The pedal phalanges share their basic morphology with the manual phalanges. They occur in three rows (proximal, intermediate, and distal). The big toe lacks an intermediate phalanx, and the phalanges of the big toe are much more robust than those of the other digits. Pedal phalanges are distinct because they are shorter than the corresponding manual phalanges, and are less compressed in the dorsal-plantar direction. Like manual phalanges, pedal phalanges are extremely difficult to assign to ray and side.
Return to the tarsus or metatarsals to see more information about the ankle, foot, and toes.
The proximal phalanges bear a concave articular surface on the proximal end for their metatarsal articulations. The distal end has a convex, almost spool-shaped head. The dorsal surface is smooth and featureless, while the plantar surface is marked by tubercles on the distal end and sometimes noticeable longitudinal ridges.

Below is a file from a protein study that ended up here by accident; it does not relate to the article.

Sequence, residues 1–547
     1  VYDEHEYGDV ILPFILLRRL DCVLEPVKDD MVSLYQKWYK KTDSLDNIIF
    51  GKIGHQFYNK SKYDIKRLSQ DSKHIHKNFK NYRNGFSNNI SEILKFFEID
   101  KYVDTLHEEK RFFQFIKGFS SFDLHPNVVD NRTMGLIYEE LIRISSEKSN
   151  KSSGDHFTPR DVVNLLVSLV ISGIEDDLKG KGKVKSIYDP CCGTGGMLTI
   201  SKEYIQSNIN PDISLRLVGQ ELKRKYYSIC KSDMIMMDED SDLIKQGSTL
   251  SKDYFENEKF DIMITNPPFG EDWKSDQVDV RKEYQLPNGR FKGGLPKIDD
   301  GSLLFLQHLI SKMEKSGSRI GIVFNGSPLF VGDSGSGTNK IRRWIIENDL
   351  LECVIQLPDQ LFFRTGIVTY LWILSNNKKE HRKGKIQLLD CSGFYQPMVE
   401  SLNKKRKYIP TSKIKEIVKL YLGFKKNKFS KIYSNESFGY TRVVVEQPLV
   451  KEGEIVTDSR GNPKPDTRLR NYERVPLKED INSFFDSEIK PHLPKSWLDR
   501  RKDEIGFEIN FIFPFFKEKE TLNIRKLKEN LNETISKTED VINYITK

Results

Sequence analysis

Intermediate phalanges are shorter than proximal phalanges. The shafts of the intermediate phalanges are less tapered than those of the proximal phalanges (i.e. the shaft and head are nearly the same diameter). The distal end bears a saddle-like articulation for the proximal phalanges, while the distal end bears a convex head. The first ray lacks an intermediate phalanx.
The distal pedal phalanges are extremely short. They bear concave articular surfaces on their proximal surfaces. Distally, their flattened heads do not have an articular surface.
Proximal Phalanx 1 is show in the 3D image.